"How do you set changes permanently to linux with a dvd, or can't you?"
Assuming you used a live CD to play with Linux, then no, you cannot. Or you have to include the adjustments you made into the Linux image file before you burn it. If the changes were minor, you could create a script that makes these changes and run that script after you boot from the installation media.
"Do you still need an antivirus with just linux mint on dvd, or only if you run an accessory HD?"
No OS is completely safe. Viruses do exist on the Linux platform. But with common sense, you won't catch one that quickly. And if you booted from CD and do not have links to the hard disk inside the system you are using to play with Linux, there won't be a virus after you reboot this system.
"Can a root kit still invade the mobo if you only run linux mint on dvd?"
Yes, if the rootkit is designed to do this, then it doesn't matter if you boot from any type of installation media. It will store itself in some hidden nook from the BIOS/UEFI and because of that, it doesn't matter anymore how you boot your computer.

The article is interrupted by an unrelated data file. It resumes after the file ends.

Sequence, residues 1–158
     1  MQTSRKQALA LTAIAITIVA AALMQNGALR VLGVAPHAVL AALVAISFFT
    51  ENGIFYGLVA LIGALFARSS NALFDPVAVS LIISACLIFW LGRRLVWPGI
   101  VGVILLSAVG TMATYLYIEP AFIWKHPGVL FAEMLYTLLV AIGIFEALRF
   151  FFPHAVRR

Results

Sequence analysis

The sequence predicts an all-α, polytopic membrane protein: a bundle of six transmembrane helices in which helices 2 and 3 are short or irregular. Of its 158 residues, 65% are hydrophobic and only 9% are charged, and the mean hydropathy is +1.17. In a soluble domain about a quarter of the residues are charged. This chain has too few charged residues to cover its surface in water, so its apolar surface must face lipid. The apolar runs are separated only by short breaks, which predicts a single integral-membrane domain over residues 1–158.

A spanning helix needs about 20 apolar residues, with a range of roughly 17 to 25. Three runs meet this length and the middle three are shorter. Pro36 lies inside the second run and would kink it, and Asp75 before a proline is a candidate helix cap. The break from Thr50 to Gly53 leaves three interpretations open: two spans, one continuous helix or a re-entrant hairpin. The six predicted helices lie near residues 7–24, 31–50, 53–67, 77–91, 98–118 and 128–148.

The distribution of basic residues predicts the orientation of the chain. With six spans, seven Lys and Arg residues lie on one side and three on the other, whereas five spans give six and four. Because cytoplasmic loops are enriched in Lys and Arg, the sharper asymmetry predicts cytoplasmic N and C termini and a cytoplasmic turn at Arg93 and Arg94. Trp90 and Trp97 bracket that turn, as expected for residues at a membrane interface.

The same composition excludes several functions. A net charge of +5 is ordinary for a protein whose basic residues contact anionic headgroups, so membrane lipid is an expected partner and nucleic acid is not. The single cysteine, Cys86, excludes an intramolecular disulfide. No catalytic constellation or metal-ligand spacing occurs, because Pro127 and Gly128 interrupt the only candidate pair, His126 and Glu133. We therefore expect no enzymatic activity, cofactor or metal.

"I do have a 500 GB SATA HD I could spare for this.
Would that enable me to save changes to the OS?"
Preferably disconnect your main hard disk before connecting the spare hard disk. then do a proper install on the spare hard disk. When that is finished, you can make changes to your heart's content. These will be stored on your spare hard disk. With only the spare hard disk connected, you can be sure that you won't mess up the partitions of your main hard disk. After Linux Mint is installed you can hook up the main hard disk again an Linux Mint will recognize the main disk and enable you to access the partitions on the main disk.
"Would I need antivirus protection?"
If you don't surf with common sense, open everything you see and run as root the whole time...then by all means, get anti-virus software. But if you don't, then changes of getting a virus are small as there aren't many Linux viruses around to begin with. And by default Linux is setup to not run as root. The surfing with common sense...that is the weakest part on any operating system. Linux won't protect a stupid user from him-/herself.